- The Washington Times - Monday, February 16, 2004

A seasonal vegetable can often serve as inspiration for a recipe. Young spring asparagus, summer heirloom toma-

toes and fall’s copper-hued sweet potatoes have all been sources of creativity in my kitchen.

During the winter months, though, I see less to spark my imagination. The other day, though, while looking at winter produce at a local supermarket, I saw a display of Jerusalem artichokes, or, as they are sometimes labeled, “sunchokes.”

It had been several years since I had purchased any of the brown, knobby tubers, which are not truly artichokes but, rather, members of the sunchoke family. I remembered well the delicious, slightly sweet and nutty taste of the cooked vegetables.

I also recalled that this vegetable does not come from Jerusalem. The name is derived from the Italian word “girasole,” which means sunflower.

I placed two packets of sunchokes in my cart along with some leeks and before leaving the store, I knew that my purchase would be turned into a soup.

At home, I peeled and diced the sunchokes and chopped the leeks. Both were sauteed in butter, then simmered in chicken stock. After 20 minutes, the vegetables were fork tender and ready to be pureed. I used half-and-half to enrich the soup, then garnished each serving with a sprinkling of Parmesan cheese and chopped parsley.

A few days after I served the soup to my family, a good friend called to suggest that we plan and cook a winter dinner together. She wanted to prepare mustard-glazed salmon fillets and roasted vegetables and asked if I had any thoughts for the first course.

It took me only a few seconds to propose the latest addition to my culinary repertoire. On the night of our get-together, I knew it was a good choice when I saw more than one person go out to the kitchen for seconds.

Cream of Jerusalem artichoke soup

2¼ to 2½ pounds Jerusalem artichokes

3 tablespoons unsalted butter

3 cups chopped leeks, white and light green parts only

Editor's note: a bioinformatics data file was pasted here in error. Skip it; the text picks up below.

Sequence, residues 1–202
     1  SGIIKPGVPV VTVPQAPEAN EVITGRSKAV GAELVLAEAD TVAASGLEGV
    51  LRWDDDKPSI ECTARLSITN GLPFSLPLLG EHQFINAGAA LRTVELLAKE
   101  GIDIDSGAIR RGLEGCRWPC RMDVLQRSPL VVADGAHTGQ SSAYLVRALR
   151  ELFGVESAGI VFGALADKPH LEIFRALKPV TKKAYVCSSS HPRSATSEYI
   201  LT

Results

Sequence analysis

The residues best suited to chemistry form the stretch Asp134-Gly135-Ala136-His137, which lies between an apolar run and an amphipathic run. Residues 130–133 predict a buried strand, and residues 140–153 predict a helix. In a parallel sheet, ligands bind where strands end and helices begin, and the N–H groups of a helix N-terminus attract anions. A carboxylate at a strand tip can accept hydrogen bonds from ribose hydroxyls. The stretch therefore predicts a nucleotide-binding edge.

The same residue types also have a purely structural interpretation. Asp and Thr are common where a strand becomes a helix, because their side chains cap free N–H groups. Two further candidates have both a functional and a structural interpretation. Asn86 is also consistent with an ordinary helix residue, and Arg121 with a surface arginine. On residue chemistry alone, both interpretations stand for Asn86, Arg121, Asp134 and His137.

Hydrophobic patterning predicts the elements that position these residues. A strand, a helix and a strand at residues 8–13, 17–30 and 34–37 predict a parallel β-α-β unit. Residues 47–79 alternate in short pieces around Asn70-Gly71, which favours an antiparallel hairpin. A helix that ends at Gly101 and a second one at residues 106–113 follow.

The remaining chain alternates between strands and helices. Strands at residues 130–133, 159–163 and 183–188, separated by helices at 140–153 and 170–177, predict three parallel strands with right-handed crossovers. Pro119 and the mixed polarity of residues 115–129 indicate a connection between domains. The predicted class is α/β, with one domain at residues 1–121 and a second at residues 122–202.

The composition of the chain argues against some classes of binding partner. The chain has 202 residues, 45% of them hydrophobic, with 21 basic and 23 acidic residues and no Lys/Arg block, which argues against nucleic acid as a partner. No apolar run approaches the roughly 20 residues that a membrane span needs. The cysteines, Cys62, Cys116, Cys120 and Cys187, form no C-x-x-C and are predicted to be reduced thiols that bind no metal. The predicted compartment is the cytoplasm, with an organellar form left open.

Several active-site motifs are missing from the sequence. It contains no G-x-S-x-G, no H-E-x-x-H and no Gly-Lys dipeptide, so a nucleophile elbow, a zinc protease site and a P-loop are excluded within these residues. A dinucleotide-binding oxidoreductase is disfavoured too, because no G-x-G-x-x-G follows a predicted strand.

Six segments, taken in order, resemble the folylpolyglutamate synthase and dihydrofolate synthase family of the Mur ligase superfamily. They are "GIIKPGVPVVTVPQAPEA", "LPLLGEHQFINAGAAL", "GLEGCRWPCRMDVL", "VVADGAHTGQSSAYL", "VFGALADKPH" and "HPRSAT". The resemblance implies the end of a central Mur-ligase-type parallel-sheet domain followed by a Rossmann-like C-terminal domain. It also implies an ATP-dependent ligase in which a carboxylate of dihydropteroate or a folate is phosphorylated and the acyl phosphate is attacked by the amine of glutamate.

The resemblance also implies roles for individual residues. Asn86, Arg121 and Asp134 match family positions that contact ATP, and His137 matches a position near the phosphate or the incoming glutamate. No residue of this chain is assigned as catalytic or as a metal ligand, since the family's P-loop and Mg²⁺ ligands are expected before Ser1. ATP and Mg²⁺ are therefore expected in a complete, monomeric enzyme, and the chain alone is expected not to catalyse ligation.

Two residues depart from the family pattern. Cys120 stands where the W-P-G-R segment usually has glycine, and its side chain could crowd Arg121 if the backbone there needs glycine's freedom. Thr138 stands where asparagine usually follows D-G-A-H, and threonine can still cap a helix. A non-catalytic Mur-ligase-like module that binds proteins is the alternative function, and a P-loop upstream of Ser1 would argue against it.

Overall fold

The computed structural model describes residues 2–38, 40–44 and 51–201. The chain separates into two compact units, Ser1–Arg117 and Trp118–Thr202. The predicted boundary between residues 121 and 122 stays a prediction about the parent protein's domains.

6 cups chicken stock

1½ teaspoons kosher salt, plus more if needed

3/4 teaspoon freshly ground black pepper, plus more if needed

1 cup half-and-half

6 tablespoons grated Parmesan cheese, preferably Parmigiano-Reggiano

4 teaspoons chopped flat leaf parsley

Peel Jerusalem artichokes using a vegetable peeler or sharp paring knife. Then cut them into 1-inch dice.

Heat butter in a large, nonreactive pot over medium heat. When melted and hot, add leeks and cook, stirring, until softened, 3 to 4 minutes. Add diced artichokes and cook, stirring, 1 minute more.

Add stock, salt and pepper, and bring mixture to a simmer.

Lower heat, cover and cook until vegetables are tender, about 20 minutes.

Puree mixture using a food processor, blender or food mill. Then return pureed soup to pot in which it was cooked.

Stir in half-and-half. Taste and season with more salt and pepper, if desired. The soup can be prepared 1 day ahead; cool, cover and refrigerate. Reheat soup over low heat, stirring often.

To serve, ladle soup into 6 soup bowls. Sprinkle each serving with a tablespoon of Parmesan cheese and a little parsley.

If desired, garnish each serving with a grinding of black pepper. Makes 6 servings.

TRIBUNE MEDIA SERVICES INTERNATIONAL

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